Similarly the Iraqi Arab and Kurdish populations have a long history of animosity and confrontation. Saddam Hussein’s chemical weapons attacks against the Kurds, as well as his ‘Arabization polices’, which drove many Kurds from their homes, are bitterly remembered. On the other hand, the marginalized Sunni Arabs are trying to preserve as many of their former prerogatives as they can while they view the Kurds as US collaborators or worse. The Iraqi Kurds have been accused of exploiting the war against ISIS to incorporate liberated Arab land into the Kurdistan region. For instance, the peshmerga have been blamed for displacing Sunni Arabs from recaptured Arab towns, destroying their homes, and preventing their return to Sinjar province in Iraq. The KRG categorically denies the allegations. They blame the destruction of homes on US-led coalition airstrikes and ISIS fighters while pointing to the large number of Sunni refugees they are hosting in Iraqi Kurdistan as proof of their good intentions. Ultimately, the closer the peshmerga approach the Sunni dominated city of Mosul, the more Sunni resistance they will likely encounter.
The mutual animosity between the Kurds and the Sunni Arabs explains why the head of the KRG government, Massoud Barzani, has stated that the peshmerga will not enter the predominately Sunni city of Mosul while Iraqi Prime Minister Haider al-Abadi simultaneously reassured the coalition that only Sunni Arab Iraqi security forces will enter the city. Nevertheless if the fighting in the city goes poorly, the peshmerga may be asked to intervene thus risking sectarian violence.
Fighting for a Stronger Kurdistan
The failure of the Iraqi government to protect and provide for the Kurds against ISIS has further driven the PUK and the KDP to focus on bolstering their own security rather than that of the feeble Iraqi state. For instance once the Iraqi Security Forces (ISF) fled in the wake of ISIS’s capture of Mosul in June of 2014, the Kurds saw an opportunity to fill the void. The peshmerga swiftly occupied ninety percent of the ‘disputed territories’ between Erbil and Baghdad (Kirkuk, Diyala, and Nineveh), whose status decades of countless diplomatic efforts had failed to resolve. The KRG’s acting President Massoud Barzani and Prime Minister Nechirvan Barzani calls for an independence referendum for Iraqi Kurdistan has only made the vision of maintaining a unitary Iraqi state after the recapture of Mosul look dimmer.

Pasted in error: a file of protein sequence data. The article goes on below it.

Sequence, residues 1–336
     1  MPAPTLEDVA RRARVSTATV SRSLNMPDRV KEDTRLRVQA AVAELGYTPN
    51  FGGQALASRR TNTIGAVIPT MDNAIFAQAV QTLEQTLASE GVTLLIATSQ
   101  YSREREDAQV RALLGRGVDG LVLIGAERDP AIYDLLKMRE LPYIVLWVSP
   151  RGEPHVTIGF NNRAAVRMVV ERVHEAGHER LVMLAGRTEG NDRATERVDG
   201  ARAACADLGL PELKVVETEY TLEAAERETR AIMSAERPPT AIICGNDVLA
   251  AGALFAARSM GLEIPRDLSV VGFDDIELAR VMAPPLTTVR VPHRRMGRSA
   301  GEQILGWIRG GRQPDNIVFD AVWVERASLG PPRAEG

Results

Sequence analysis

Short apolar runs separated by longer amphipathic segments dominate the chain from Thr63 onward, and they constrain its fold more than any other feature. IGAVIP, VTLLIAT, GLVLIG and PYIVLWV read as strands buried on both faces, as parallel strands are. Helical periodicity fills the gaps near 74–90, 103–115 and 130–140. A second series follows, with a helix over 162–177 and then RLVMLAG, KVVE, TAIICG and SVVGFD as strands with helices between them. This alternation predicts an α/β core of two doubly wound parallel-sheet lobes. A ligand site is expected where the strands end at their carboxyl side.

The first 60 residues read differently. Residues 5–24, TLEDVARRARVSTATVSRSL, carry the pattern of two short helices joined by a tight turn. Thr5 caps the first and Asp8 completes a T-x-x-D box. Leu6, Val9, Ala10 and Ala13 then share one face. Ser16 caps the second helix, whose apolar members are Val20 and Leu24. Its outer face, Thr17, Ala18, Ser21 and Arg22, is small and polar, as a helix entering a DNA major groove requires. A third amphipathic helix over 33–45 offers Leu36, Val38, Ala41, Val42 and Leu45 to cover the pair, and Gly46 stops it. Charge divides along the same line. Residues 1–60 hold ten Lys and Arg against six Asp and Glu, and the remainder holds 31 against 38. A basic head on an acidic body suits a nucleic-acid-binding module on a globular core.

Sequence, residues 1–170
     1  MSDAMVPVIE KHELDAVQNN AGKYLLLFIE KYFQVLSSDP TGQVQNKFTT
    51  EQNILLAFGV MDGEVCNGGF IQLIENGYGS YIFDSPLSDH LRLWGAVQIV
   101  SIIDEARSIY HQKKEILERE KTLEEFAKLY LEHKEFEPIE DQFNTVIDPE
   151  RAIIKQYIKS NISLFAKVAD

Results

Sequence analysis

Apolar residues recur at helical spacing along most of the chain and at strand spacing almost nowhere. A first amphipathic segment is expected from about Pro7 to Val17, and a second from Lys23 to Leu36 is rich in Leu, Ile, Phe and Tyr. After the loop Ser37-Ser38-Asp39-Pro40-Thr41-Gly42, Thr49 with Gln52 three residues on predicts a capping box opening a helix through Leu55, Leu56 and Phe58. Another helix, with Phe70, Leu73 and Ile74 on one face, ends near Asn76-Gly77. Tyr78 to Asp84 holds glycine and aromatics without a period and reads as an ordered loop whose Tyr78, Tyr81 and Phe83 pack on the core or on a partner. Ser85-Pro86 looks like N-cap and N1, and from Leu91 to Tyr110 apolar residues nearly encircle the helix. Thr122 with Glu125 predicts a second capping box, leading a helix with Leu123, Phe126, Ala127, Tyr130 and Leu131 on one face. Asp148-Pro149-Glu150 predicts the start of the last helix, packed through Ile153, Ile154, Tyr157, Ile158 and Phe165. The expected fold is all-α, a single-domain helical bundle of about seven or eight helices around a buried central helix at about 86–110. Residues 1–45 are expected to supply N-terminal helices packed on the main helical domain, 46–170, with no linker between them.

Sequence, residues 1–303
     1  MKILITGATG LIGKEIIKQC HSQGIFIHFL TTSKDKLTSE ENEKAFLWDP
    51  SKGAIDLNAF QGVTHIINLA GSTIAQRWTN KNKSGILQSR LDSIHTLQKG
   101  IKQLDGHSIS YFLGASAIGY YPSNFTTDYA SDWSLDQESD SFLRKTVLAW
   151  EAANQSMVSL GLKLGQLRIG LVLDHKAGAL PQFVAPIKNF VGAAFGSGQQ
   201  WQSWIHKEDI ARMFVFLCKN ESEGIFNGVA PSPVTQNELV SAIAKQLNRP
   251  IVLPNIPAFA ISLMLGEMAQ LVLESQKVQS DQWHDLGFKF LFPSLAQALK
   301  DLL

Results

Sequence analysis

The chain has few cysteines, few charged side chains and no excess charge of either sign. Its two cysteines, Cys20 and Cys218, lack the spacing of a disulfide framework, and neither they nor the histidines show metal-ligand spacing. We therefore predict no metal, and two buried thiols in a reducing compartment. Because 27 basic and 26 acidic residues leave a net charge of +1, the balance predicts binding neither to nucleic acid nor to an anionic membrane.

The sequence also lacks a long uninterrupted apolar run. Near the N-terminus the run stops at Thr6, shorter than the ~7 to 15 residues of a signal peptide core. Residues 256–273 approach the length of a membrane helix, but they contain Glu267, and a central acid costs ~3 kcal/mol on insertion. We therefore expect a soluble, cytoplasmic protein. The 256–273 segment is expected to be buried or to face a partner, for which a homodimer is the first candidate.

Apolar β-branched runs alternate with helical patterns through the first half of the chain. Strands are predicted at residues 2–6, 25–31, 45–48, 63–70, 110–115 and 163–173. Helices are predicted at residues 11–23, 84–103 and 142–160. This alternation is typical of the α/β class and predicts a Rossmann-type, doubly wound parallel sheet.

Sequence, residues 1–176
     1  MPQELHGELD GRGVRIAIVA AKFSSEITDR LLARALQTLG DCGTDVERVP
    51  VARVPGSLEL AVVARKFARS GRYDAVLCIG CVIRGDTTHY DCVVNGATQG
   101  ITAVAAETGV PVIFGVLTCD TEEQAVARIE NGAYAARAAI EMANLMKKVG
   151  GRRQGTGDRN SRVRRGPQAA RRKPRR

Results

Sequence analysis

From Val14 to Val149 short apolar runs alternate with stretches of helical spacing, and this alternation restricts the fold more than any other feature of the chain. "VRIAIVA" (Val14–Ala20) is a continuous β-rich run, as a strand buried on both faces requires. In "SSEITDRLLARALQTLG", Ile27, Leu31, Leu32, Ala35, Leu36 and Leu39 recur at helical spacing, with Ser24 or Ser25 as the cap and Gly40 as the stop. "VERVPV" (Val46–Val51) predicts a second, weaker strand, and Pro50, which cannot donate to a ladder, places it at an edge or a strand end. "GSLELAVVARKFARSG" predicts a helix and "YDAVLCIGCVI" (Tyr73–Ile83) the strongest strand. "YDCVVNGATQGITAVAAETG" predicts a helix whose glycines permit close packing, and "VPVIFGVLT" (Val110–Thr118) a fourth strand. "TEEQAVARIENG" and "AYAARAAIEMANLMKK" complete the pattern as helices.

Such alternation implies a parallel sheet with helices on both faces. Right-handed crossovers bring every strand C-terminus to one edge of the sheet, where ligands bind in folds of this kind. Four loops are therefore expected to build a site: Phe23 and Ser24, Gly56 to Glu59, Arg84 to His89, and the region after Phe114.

Another source of tension is the uncertainty over whether the Iraqi government or the KRG will retain control over the recaptured territory surrounding Mosul. The Kurdish regional government for its part has repeatedly claimed that all territory retaken by the peshmerga will eventually be incorporated within the largely autonomous Kurdish region. In addition, Prime Minister Barzani appeared to issue a veiled warning to the Iraqi government that the KRG might want to take over the administration of Mosul after it was liberated. How this will conflict with the agenda of the governments in Baghdad, Ankara, Tehran, and Washington in the future remains to be seen.
In closing, the coalition’s offensive against Mosul is an unprecedented and vulnerable one. With the myriad of competing actors including Turkey, Iran, the Iraqi military, the Shi’ite Popular Mobilization Forces, the United States, Russia, and the peshmerga trying to shape the campaign, the coalition rests on unsteady foundations. Keeping the peshmerga’s divisions, goals, and limited capabilities in mind will help coalition forces better navigate the pivotal months ahead.